### Learning Outcomes

- Define a function using tables
- Define a function from a set of ordered pairs
- Define the domain and range of a function given as a table or a set of ordered pairs

There are many kinds of relations. A relation is simply a correspondence between sets of values or information. Think about members of your family and their ages. The pairing of each member of your family and their age is a relation. Each family member can be paired with an age in the set of ages of your family members. Another example of a relation is the pairing of a state with its U.S. senators. Each state can be matched with two individuals who have each been elected to serve as a senator. In turn, each senator can be matched with one specific state that he or she represents. Both of these are real-life examples of relations.

The first value of a relation is an input value and the second value is the output value. A **function** is a specific type of relation in which each input value corresponds to one and only one output value. An input is called the *independent* value, and an output is called the *dependent *value, as it depends on the value of the input.

Notice in the first table below, where the input is “name” and the output is “age,” each input matches with exactly one output. This is an example of a function.

Family Member’s Name (Input) | Family Member’s Age (Output) |
---|---|

Nellie | [latex]13[/latex] |

Marcos | [latex]11[/latex] |

Esther | [latex]46[/latex] |

Samuel | [latex]47[/latex] |

Nina | [latex]47[/latex] |

Paul | [latex]47[/latex] |

Katrina | [latex]21[/latex] |

Andrew | [latex]16[/latex] |

Maria | [latex]13[/latex] |

Ana | [latex]81[/latex] |

Compare this with the next table where the input is “age” and the output is “name.” Some of the inputs result in more than one output. This is an example of a correspondence that is *not *a function.

Family Member’s Age (Input) | Family Member’s Name (Output) |
---|---|

[latex]11[/latex] | Marcos |

[latex]13[/latex] | Nellie, Maria |

[latex]16[/latex] | Andrew |

[latex]21[/latex] | Katrina |

[latex]46[/latex] | Esther |

[latex]47[/latex] | Samuel, Nina, Paul |

[latex]81[/latex] | Ana |

Now let us look at some other examples to determine whether the given relations are functions, and under what circumstances. Remember that a relation is a function if there is only * one *output for each input.

### Example

Fill in the table.

Input | Output | Function? | Why or why not? |
---|---|---|---|

Name of senator | Name of state | ||

Name of state | Name of senator | ||

Time elapsed | Height of a tossed ball | ||

Height of a tossed ball | Time elapsed | ||

Number of cars | Number of tires | ||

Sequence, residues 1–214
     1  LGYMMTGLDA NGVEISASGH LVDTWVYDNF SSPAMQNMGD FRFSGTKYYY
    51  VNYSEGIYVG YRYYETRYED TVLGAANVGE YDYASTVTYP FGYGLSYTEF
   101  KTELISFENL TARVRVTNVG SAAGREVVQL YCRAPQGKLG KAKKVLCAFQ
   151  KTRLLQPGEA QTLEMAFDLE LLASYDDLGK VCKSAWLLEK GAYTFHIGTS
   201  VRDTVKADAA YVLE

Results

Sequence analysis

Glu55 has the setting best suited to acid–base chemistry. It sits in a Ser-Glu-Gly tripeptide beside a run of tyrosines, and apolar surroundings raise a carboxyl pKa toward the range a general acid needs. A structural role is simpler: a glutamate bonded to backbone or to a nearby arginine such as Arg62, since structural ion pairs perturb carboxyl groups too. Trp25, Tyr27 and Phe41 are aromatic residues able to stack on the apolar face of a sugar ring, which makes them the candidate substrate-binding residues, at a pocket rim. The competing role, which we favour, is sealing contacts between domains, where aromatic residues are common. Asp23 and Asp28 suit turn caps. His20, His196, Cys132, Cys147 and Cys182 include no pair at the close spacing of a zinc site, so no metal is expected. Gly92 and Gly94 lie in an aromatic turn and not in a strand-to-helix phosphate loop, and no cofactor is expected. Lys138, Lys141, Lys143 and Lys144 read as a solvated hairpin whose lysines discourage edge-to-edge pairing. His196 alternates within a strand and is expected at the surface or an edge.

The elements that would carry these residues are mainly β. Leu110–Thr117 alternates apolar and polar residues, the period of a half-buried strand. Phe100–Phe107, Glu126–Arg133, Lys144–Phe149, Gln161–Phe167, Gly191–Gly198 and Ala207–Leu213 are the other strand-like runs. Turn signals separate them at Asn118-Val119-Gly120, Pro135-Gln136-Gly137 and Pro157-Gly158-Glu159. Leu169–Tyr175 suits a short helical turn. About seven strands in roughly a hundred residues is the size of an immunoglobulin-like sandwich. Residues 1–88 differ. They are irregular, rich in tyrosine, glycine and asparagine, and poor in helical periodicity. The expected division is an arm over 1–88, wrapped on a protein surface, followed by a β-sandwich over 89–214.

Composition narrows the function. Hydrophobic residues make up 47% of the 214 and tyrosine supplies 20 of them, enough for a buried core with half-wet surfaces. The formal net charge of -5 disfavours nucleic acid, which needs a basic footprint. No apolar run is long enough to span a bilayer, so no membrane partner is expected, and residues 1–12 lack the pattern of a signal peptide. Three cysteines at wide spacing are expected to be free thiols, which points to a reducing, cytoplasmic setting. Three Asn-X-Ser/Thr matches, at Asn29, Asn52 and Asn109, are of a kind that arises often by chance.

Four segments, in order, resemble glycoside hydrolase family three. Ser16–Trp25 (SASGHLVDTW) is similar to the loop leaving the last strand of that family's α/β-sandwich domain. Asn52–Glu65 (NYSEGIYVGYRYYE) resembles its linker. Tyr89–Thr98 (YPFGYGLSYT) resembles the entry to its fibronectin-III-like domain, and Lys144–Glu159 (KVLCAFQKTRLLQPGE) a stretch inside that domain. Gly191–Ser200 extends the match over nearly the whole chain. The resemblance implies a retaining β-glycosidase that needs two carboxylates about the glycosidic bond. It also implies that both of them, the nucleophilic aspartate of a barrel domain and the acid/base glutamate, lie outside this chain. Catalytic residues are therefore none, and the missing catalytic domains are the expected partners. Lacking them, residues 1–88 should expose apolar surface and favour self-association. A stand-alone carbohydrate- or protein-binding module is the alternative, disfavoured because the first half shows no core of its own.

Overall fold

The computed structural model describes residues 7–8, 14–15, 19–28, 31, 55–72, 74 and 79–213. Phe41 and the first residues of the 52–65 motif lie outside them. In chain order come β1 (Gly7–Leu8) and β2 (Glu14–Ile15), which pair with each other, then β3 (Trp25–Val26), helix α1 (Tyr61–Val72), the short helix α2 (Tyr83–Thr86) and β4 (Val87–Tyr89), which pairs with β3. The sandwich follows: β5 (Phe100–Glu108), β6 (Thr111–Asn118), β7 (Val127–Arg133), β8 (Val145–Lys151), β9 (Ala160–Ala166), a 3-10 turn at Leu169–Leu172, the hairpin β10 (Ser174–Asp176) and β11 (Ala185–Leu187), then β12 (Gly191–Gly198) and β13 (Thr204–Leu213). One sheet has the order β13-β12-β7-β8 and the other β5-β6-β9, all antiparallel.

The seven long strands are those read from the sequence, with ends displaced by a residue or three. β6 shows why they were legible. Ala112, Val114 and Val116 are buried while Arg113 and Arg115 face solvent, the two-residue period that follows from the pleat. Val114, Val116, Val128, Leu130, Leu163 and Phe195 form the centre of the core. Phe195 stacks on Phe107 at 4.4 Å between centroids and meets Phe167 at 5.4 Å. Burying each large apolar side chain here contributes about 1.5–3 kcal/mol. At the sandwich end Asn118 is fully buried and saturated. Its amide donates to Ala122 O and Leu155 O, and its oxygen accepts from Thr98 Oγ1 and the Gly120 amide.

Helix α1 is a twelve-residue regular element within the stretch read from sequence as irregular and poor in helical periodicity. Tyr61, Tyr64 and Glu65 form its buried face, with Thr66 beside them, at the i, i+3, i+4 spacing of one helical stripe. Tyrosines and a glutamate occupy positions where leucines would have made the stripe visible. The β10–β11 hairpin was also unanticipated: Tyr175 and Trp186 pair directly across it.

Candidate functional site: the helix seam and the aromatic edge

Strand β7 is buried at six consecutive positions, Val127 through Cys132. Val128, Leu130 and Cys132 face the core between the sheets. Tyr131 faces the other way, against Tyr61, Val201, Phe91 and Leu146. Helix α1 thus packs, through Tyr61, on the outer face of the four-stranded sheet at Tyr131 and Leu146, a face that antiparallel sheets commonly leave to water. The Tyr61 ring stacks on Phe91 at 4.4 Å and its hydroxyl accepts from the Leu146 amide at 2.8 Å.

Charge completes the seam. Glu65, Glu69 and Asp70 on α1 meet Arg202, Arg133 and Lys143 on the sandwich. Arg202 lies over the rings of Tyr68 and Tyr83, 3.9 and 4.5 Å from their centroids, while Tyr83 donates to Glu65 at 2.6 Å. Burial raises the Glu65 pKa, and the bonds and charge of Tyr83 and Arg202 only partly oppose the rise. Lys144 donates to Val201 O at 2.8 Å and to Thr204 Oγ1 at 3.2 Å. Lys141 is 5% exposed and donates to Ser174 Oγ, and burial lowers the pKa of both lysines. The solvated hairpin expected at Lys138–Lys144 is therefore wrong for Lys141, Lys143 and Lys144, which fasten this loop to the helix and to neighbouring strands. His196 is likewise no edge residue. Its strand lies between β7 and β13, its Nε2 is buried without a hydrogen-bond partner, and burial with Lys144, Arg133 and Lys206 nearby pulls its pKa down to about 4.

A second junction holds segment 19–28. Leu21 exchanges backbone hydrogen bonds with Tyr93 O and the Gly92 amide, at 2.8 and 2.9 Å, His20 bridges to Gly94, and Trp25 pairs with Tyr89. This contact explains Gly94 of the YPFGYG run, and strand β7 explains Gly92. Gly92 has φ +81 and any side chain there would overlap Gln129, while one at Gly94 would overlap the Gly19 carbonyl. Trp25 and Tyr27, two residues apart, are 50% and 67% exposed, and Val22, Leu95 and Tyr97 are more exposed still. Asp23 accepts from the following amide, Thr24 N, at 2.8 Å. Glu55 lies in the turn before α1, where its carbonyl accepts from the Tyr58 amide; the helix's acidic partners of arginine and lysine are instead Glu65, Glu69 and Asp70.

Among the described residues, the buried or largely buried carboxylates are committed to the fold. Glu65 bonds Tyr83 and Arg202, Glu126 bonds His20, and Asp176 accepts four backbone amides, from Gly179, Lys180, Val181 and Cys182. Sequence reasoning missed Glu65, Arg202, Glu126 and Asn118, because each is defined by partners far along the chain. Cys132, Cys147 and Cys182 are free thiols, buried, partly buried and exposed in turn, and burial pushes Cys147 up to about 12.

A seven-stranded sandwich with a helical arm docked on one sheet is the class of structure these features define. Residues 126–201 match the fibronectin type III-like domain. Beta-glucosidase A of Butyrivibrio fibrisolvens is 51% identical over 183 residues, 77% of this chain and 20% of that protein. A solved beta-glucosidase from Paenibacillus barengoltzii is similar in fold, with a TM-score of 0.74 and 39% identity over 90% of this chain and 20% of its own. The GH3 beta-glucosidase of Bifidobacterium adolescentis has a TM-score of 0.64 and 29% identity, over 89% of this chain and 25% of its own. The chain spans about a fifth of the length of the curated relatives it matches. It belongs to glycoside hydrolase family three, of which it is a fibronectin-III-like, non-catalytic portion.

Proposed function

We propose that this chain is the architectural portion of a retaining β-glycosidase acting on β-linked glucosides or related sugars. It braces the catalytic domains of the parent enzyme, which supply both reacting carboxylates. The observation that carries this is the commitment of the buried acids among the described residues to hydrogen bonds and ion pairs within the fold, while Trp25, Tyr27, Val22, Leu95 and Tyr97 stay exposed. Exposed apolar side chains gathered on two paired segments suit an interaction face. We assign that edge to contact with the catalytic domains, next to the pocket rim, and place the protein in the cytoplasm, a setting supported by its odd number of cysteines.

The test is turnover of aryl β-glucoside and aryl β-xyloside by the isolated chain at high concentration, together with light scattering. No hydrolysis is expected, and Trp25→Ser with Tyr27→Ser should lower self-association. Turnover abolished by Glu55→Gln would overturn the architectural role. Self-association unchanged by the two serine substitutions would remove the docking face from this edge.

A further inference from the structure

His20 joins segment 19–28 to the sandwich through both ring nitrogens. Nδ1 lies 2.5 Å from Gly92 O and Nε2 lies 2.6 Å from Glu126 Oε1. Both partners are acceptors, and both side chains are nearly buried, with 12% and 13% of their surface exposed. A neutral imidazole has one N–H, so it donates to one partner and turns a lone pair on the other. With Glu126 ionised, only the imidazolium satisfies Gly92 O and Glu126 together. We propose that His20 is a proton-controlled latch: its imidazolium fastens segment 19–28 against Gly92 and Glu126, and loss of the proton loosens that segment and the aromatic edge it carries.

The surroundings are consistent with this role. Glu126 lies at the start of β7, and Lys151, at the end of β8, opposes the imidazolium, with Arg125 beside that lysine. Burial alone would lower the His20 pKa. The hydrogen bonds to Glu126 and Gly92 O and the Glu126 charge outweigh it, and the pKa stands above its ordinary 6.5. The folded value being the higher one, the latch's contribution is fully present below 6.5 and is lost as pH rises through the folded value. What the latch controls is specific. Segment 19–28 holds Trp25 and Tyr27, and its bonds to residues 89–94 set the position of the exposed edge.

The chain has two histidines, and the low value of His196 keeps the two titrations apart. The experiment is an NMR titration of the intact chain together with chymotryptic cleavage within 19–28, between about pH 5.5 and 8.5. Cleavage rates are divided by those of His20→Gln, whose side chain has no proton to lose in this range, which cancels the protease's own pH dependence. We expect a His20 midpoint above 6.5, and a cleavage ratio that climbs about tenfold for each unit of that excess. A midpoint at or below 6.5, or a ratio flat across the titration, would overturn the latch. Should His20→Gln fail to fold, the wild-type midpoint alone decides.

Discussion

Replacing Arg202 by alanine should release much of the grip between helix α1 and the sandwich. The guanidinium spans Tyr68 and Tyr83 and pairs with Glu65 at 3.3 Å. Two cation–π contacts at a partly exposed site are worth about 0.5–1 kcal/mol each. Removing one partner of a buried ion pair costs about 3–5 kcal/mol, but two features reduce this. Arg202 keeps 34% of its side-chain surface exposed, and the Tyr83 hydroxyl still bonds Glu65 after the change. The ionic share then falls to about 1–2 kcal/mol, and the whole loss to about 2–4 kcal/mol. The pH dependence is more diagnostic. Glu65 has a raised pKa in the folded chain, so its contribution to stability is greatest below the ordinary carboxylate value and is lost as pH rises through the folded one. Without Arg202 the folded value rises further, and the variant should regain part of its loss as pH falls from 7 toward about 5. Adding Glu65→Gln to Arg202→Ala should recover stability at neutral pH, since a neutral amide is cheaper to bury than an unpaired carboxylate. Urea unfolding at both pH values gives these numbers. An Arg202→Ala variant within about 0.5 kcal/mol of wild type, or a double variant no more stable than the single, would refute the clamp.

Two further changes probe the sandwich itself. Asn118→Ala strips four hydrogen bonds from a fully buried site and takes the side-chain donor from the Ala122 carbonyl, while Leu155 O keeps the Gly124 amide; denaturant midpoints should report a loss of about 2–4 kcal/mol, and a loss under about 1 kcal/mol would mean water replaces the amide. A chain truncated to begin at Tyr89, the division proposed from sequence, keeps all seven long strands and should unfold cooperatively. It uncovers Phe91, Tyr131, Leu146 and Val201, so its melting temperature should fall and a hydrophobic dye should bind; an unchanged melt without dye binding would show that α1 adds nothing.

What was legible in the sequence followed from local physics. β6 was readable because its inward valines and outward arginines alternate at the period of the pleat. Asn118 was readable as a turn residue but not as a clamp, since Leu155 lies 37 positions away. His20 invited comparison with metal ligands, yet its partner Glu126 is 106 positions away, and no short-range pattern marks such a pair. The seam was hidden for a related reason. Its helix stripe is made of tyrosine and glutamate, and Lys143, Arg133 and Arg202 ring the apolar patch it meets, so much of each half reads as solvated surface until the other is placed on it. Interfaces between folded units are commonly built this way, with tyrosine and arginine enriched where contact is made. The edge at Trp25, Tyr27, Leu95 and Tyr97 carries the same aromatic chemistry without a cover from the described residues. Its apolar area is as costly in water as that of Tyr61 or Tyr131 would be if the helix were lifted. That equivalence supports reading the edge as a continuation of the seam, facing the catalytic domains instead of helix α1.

Number of tires | Number of cars |

Relations can be written as ordered pairs of numbers [latex](x, y)[/latex] or as numbers in a table of values the columns of which each contain inputs or outputs. By examining the inputs (*x*-coordinates) and outputs (*y*-coordinates), you can determine whether or not the relation is a function. Remember, in a function, each input corresponds to only one output. That is, each *x *value corresponds to exactly one *y* value.

There is a name for the set of input values and another name for the set of output values for a function. The set of input values is called the **domain of the function**. The set of output values is called the **range of the function**.

Given a set of ordered pairs, find the domain by listing all of the input values, which are the *x*-coordinates. To find the range, list all of the output values, which are the *y*-coordinates.

Consider the following set of ordered pairs:

[latex]\{(−2,0),(0,6),(2,12),(4,18)\}[/latex]

You have the following:

[latex]\begin{array}{l}\text{Domain:}\{−2,0,2,4\}\\\text{Range:}\{0,6,12,18\}\end{array}[/latex]

Now try it yourself.

### Example

List the domain and range for the following table of values where *x* is the input and *y* is the output.

x |
y |
---|---|

[latex]−3[/latex] | [latex]4[/latex] |

[latex]−2[/latex] | [latex]4[/latex] |

[latex]−1[/latex] | [latex]4[/latex] |

[latex]2[/latex] | [latex]4[/latex] |

[latex]3[/latex] | [latex]4[/latex] |

Watch the following video for another example of how to identify whether a table of values represents a function and how to determine the domain and range.

### Example

Define the domain and range for the following set of ordered pairs, and determine whether the relation given is a function.

[latex]\{(−3,−6),(−2,−1),(1,0),(1,5),(2,0)\}[/latex]

The following video shows how to determine whether a relation given in non-tabular form is a function and how to find the domain and range.

### Example

Find the domain and range of the relation and determine whether it is a function.

[latex]\{(−3, 4),(−2, 4),( −1, 4),(2, 4),(3, 4)\}[/latex]

**Summary: Determining Whether a Relation is a Function**

- Identify the input values – this is your domain.
- Identify the output values – this is your range.
- If each value in the domain leads to only one value in the range, classify the relationship as a function. If any value in the domain leads to two or more values in the range, do not classify the relationship as a function.